"My job and my role is to ensure kids’ safety, and that is my goal every time I walk out of my door, knock on a door or sit in someone’s living room."
Molly Evans knew working with kids was what made her heart beat with excitement and purpose. In college, she interned in a DCFS (Department of Children and Family Services) office and took a class in child welfare that solidified her goal of working with families and one-on-one with kids. After college, she worked at a private agency as a Family Enhancement worker, helping intact families get help with parenting skills, job searches, even housing, as well as supervised parent-child visits.
The Role of an Investigator
After almost three years as a caseworker, Molly had the opportunity to become an investigator—and found her “fit” there. “The work is different than a caseworker—and very challenging.” Part of the challenge is that there really isn’t a “normal” day-to-day routine. “Every day is different—many days can’t be planned for,” she explains.
Molly’s job is to investigate reports of abuse or neglect within a one-hour radius of her local DCFS office. Where she goes is often dependent on what has been reported. Anyone can call the hotline to report abuse or neglect, and if the person who answers the phone determines that an investigation is warranted, an investigator will be assigned to check on the reported situation. She may have to find the children at school or in the police department or in their home. She’ll contact teachers, doctors, counselors and family members to determine whether the situation is unsafe or hazardous to children. In some instances, there’s no need for action. Not all hotline calls result in children being removed from their home.
Abuse and neglect can come in various forms, from physical issues to lack of food or education.
Contrary to popular belief, an investigator’s goal is not to automatically remove a child or children from their home. “I want to talk with everyone to get a full picture,” Molly explains. “Sometimes there’s nothing that constitutes abuse or neglect—there are certain criteria that have to be met.” She also looks for risk factors, and can pass along information such as the benefits of counseling to a vulnerable family that is still intact.
In other cases, when children are removed from the home, it’s done as a last resort. “We do our best to provide services to keep the family together—we help them do the things that are necessary to get their kids back.” Her ultimate role, and goal, is to ensure the safety of the children.
Molly estimates that she conducts more than 100 investigations in a year—but none are the same because each family has different dynamics.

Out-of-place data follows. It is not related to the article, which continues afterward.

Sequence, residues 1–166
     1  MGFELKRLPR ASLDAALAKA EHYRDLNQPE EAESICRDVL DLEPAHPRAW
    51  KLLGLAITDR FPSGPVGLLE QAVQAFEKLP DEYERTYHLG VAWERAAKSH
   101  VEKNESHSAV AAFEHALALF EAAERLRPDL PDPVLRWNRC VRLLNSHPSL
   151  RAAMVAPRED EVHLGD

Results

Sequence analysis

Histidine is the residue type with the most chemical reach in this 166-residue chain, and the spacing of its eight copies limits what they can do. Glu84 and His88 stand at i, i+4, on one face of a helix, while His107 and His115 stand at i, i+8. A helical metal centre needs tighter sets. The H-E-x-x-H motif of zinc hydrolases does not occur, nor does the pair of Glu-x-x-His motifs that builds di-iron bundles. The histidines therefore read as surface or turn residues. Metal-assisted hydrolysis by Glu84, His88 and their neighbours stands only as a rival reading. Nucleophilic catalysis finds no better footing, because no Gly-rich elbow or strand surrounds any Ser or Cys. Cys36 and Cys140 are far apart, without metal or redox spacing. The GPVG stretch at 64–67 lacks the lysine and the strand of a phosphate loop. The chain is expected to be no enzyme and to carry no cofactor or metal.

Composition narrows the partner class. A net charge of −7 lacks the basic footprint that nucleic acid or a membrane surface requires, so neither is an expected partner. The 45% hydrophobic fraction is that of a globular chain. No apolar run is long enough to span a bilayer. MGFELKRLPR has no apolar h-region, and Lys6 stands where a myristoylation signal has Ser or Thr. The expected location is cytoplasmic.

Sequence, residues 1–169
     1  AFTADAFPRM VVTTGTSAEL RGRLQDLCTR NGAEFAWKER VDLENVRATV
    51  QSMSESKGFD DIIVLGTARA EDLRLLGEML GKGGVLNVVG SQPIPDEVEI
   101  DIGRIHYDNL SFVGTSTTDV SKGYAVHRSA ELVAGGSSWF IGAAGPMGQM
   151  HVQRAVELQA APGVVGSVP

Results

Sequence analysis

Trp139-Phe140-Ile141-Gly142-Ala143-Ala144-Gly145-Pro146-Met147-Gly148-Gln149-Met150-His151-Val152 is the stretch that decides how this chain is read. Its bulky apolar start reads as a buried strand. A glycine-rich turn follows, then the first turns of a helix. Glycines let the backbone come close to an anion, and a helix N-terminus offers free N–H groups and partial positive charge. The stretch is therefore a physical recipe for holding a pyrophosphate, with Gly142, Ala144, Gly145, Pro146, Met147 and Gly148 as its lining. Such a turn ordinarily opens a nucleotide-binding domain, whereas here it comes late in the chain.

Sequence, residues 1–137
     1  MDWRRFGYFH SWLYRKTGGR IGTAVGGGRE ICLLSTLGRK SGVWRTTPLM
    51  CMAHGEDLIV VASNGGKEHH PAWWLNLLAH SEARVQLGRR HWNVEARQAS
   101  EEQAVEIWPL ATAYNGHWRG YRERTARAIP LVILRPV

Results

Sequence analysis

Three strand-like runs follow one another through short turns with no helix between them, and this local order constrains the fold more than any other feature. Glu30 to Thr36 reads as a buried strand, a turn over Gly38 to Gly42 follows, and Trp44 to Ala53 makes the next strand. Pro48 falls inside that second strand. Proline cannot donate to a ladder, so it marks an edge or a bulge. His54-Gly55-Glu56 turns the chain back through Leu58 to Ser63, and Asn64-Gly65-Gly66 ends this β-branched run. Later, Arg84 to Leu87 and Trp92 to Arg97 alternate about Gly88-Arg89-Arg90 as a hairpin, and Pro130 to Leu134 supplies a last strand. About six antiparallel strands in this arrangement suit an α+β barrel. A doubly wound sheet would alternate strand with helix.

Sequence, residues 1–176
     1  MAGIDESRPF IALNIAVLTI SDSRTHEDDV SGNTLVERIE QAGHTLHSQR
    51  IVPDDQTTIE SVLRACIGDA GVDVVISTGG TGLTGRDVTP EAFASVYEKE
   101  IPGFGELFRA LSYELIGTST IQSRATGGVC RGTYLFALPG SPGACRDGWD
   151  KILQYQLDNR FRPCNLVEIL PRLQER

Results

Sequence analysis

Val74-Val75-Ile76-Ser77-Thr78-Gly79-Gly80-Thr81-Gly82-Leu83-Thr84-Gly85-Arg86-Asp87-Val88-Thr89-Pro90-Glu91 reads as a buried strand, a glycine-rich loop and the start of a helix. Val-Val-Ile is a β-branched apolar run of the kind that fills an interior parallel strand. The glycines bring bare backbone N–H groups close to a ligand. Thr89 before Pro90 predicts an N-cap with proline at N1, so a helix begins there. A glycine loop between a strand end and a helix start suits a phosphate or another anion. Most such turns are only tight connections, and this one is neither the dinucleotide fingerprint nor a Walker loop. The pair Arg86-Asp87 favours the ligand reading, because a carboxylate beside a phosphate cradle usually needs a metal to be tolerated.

When the Door Opens
Molly never quite knows what will happen when she knocks on a door. “Most people don’t greet me with open arms,” she admits, largely, she believes, because of the stigma of DCFS. The goal, however, is to get inside—to sit together at the kitchen table or on the sofa—in order to get past the resistance and fear. “I want to treat everyone with respect—to explain why I’m there and what the goal of the visit is.” Understandably, some people are upset by an abuse or neglect accusation—but the best results come when everyone is informed and knows what caused the visit and, more importantly, what happens next.
Involvement with TFI
The office where Molly works has benefitted from various programs found under the TFI umbrella. “TFI has been such a blessing—we’ve received resources from our community because churches and organizations have stepped up to care for kids.” Initiatives include Project Sunshine, where visitation rooms in the agency office have been transformed into kid-friendly, warm spaces with nice toys and a comfortable atmosphere where children wait or parental visits take place; Journey Bags, that provide specific items for children brought into foster care, and First Response, where immediate needs are met such as furnishings for children.
“Foster care is hard on so many levels—to be able to hand a child a backpack full of brand new stuff, things they need and an encouraging note, or to have older youth and teens have every one of the items on their Christmas wish list provided through a local church—it’s great to come alongside as God’s people advocate on DCFS’s and the children’s behalf,” says Molly.
Advice for Getting Involved
Molly’s advice for those who might be considering getting involved with their local foster care community is to start small and practical, because foster parenting is not an insignificant undertaking. “Foster parents have a hard job—it’s hard to open your heart, home, family, even extended family to a child. It changes your whole life—it might be for two weeks, it might be forever.”
If you’re interested, go online to find the agencies in your community and talk with the licensing worker in the office to get information about the requirements for your location. The training classes help you understand not only the nuts and bolts about being a foster parent, but also will help you understand if you can or really want to be a foster parent. It’s got to be a good fit, and the timing needs to be right.
The need for foster parents is great. “We need good homes, loving homes, that are willing to take in kids during their time of need,” says Molly.
Hopefully, this episode has helped you right where you are on your foster care journey. That’s the goal. If you enjoyed it, will you tell others?
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Meet Our Guest
Molly has worked with the Illinois the Illinois Department of Children and Family Services (DCFS) for almost 15 years, and is currently an investigator. She has a bachelor of science and master of social work degrees, both from Illinois State University. Molly has worked closely with TFI since 2011 when the ministry was founded.
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